I read once that you watch tv (or in this case movies) with the same part of your brain that you use to worry, so watching tv is indeed therapeutic.
I don't know if it is true; it feels true, and that passes for truth these days all too often.
But I digress.
Last night Netflix offered up The Stand at Paxton County.
Horses, lady heroes, cowboys.
You bet, I'm in.
And yes, I enjoyed it.
Not enough horses, not enough cowboys, but still interesting.
In a nutshell:
A military veteran comes home to find her father harassed by a sheriff intent to confiscate the livestock on their ranch under shady pretenses.
But overall, disappointing.
The question then is why?
I thought about this because why something doesn't work is often the best guide for making sure things do work.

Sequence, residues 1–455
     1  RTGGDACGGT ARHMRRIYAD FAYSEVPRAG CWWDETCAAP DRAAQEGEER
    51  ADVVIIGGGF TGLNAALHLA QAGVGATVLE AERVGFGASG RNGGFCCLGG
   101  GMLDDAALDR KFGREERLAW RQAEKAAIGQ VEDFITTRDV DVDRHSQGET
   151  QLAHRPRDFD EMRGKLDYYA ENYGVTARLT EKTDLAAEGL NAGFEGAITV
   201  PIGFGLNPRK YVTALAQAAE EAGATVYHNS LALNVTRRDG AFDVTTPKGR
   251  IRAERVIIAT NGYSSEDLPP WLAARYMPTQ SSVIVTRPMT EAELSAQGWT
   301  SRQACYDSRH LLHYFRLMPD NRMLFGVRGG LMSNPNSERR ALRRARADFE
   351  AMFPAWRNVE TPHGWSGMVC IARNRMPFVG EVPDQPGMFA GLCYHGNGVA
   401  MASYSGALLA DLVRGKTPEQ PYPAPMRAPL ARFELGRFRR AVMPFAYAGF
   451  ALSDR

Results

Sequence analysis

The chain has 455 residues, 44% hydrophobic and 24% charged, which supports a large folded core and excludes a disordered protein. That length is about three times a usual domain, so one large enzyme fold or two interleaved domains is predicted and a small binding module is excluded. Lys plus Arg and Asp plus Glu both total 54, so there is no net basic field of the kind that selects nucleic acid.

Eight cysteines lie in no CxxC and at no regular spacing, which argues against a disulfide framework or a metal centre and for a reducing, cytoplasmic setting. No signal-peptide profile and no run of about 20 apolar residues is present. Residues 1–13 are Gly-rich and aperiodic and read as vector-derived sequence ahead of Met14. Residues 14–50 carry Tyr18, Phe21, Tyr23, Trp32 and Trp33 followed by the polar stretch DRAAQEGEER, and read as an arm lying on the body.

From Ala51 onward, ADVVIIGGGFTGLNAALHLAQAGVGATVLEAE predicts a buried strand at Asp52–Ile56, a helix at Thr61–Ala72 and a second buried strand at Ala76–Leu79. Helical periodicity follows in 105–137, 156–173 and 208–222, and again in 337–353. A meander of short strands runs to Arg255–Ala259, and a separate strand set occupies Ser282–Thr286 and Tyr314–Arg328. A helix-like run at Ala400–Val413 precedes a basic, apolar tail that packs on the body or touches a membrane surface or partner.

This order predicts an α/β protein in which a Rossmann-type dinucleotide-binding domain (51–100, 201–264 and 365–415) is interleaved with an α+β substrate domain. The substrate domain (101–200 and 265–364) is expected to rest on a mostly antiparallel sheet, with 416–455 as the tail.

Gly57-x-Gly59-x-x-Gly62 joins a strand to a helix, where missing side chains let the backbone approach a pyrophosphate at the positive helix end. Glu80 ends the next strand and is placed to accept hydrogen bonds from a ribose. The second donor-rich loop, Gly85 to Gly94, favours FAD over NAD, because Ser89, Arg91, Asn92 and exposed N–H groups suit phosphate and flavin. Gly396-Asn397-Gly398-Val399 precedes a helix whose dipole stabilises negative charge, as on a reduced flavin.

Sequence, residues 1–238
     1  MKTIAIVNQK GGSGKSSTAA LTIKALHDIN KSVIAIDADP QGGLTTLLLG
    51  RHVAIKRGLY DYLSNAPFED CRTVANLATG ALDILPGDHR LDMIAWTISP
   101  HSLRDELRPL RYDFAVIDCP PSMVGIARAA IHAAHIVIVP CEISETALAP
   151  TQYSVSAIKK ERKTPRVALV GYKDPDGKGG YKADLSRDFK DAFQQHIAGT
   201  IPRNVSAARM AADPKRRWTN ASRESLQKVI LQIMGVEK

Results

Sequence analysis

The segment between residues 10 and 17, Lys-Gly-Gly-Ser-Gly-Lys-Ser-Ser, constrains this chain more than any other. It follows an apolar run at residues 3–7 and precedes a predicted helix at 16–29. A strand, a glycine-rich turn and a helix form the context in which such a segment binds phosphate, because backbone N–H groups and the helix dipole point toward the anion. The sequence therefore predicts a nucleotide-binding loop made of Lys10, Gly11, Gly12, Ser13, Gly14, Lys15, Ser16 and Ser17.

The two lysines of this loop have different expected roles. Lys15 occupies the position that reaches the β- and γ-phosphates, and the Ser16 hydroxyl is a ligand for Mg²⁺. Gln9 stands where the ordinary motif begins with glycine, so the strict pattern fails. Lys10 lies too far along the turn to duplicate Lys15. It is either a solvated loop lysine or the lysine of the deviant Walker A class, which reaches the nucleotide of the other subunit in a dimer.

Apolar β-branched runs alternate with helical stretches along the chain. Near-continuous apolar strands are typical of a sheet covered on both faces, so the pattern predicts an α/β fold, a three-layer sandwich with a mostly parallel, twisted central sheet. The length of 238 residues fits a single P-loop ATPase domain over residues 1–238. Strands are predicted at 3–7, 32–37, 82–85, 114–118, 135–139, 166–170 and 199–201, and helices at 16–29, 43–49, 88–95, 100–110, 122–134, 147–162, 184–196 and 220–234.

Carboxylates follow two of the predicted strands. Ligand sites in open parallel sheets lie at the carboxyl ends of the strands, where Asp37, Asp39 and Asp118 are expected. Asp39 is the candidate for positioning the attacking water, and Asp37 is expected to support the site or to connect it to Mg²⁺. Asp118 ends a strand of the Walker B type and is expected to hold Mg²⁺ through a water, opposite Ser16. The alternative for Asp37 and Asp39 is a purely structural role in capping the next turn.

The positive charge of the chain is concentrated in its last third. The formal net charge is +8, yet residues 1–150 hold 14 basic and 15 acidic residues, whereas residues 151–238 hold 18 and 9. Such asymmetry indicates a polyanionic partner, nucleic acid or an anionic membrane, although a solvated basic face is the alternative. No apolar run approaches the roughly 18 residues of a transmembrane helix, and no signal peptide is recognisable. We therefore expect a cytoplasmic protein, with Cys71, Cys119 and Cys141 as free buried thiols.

**Spoiler Alerts follow**
1. The antagonist is the county vet, and she's costumed like Anna Wintour. When was the last time you saw a vet in anything other than heavy duty work clothes? Large animal vet I mean. It was instantly jarring.
2. The county vet is so one dimensional she might as well be named Snidely Whiplash and have "hiss" in the captions when she comes on screen.
3. No real resolution to the plot. Yes, the vet is stymied, and her henchmen in crime are killed but she herself is not carted off to the hoosegow.
4. The deputy sheriff, who has been carefully portrayed as a bit of a dimwit (a piece of business about not understanding how to make change is pretty funny, and pretty brilliant) gets promoted to sheriff. That's violating the world building of the piece, and for that I want to smack the writers (or whomever) around.
Have you found a book with problems to be useful in "what not to do" in your own writing?